Google-stablemate DeepMind is creating a blockchain-like system to show how sensitive medical data passing through its processors will be used, allowing healthcare professionals to check if data has been tampered with.
Its healthcare arm, DeepMind Health, is working to improve medical diagnoses with machine learning tools. Large amounts of confidential data are required to develop these tools – something DeepMind hasn’t always been trusted to handle.
Last year, DeepMind was criticized for gaining access to current and historic patient records for 1.6 million individuals across three London Royal Free NHS Trust hospitals – which extended well beyond the scope of the research they had publicly disclosed.
The announcement of Verifiable Data Audit this week is an attempt to gain back some of the lost trust. Data processed by DeepMind’s servers will be logged, and a “special digital ledger” will also be added to explain how and why the data has been used.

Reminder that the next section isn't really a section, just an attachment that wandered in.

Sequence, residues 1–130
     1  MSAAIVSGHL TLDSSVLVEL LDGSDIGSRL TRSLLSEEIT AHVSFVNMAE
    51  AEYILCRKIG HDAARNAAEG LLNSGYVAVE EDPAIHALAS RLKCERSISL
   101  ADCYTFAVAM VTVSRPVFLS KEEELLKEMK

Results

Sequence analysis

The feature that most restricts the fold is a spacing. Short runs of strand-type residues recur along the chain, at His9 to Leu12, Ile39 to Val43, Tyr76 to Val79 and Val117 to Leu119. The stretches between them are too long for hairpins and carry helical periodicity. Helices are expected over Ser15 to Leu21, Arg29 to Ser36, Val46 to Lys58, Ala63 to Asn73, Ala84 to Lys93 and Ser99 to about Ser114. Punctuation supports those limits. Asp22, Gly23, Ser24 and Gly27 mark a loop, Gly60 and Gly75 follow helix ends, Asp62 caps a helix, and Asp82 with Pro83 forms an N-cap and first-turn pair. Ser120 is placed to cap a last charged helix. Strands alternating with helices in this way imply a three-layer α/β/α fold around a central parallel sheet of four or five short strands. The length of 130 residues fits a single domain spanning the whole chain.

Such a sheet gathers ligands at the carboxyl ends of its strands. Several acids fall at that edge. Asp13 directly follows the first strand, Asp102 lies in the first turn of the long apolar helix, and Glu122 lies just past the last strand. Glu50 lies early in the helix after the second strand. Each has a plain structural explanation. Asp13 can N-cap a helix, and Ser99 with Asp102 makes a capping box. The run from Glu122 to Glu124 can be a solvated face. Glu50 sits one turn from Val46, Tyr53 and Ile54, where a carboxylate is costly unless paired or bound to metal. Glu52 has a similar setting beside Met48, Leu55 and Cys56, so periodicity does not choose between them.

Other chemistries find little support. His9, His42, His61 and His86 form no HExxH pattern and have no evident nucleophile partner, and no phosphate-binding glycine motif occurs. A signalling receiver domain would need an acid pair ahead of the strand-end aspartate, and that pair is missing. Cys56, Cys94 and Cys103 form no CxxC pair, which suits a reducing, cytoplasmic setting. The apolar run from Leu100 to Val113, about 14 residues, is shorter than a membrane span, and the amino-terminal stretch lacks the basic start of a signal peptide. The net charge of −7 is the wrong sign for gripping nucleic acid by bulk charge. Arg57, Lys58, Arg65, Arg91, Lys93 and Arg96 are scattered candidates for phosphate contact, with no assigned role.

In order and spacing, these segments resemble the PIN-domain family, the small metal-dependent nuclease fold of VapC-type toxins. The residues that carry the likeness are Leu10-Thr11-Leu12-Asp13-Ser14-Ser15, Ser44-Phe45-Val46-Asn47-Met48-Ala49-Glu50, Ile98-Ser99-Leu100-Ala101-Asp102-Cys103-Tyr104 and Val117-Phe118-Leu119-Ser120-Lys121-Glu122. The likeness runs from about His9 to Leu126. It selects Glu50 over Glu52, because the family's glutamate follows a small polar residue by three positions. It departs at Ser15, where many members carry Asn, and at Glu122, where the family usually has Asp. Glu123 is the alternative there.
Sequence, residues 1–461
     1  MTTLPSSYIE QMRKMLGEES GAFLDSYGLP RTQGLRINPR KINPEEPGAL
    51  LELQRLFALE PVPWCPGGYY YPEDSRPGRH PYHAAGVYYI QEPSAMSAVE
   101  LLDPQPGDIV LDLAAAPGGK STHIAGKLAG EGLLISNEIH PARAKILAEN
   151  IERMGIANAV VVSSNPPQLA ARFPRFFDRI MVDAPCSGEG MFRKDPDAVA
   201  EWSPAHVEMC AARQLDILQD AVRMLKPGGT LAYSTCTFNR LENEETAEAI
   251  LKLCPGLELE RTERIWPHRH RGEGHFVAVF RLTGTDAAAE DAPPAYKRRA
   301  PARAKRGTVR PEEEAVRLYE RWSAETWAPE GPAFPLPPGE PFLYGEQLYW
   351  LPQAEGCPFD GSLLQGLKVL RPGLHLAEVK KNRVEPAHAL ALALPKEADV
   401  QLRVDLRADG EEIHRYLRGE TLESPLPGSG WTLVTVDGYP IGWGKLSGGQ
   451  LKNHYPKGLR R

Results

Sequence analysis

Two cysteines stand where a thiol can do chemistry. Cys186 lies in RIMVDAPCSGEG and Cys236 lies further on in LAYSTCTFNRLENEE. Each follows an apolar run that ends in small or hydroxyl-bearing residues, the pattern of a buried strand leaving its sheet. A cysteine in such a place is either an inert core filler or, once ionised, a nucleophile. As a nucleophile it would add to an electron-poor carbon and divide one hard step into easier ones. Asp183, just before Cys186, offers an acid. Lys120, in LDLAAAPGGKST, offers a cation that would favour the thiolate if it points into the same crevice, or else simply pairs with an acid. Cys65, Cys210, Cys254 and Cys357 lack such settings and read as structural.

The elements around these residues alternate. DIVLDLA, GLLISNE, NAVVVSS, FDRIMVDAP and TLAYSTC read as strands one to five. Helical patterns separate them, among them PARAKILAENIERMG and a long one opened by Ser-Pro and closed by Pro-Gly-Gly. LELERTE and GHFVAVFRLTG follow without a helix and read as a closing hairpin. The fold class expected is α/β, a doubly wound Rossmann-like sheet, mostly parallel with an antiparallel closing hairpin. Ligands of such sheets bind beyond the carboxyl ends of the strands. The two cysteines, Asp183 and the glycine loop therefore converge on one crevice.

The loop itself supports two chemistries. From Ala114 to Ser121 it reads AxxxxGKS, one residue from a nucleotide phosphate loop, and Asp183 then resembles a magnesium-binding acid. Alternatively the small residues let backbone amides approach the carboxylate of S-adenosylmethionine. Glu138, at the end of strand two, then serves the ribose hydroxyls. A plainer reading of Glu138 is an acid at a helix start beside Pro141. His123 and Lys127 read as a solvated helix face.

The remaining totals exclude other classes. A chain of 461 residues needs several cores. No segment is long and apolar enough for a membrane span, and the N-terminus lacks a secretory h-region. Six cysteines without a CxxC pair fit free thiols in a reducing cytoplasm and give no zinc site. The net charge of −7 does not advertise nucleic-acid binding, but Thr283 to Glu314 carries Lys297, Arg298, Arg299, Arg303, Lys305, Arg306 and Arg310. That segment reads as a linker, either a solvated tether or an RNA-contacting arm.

For example, if results from a blood test were uploaded, it’ll show they were used in an algorithm to check for possible acute kidney injury.
The ledger and entries within the system will be used in a similar way to a blockchain (a distributed database), the company explained in a blog post by Mustafa Suleyman, cofounder and head of applied AI and Ben Laurie, head of security and transparency. Like a blockchain, the ledger added to the system can’t be erased and the database list continually grows. A value known as a “cryptographic hash” will be generated every time a data entry is added to the ledger.
The hash value makes it possible to see the latest entry and all the previous values in the ledger as well, so the data log can be tracked over time.
It’s impossible to change a specific entry secretly, as this alters the hash value and disrupts the data trail.
DeepMind compares the system to a game of Jenga, a game of physical skill. “You might try to gently take or move one of the pieces – but due to the overall structure, that’s going to end up making a big noise!”
The system's online interface will be accessible by authorized staff working in hospitals, so data entries can be scrutinized in real time. Alarm signals can be triggered if workers spot any unusual or suspicious activity.
It seems that DeepMind has been interested in this idea for a while, as it published a paper [PDF] in 2015 detailing how data logs could be secured. ®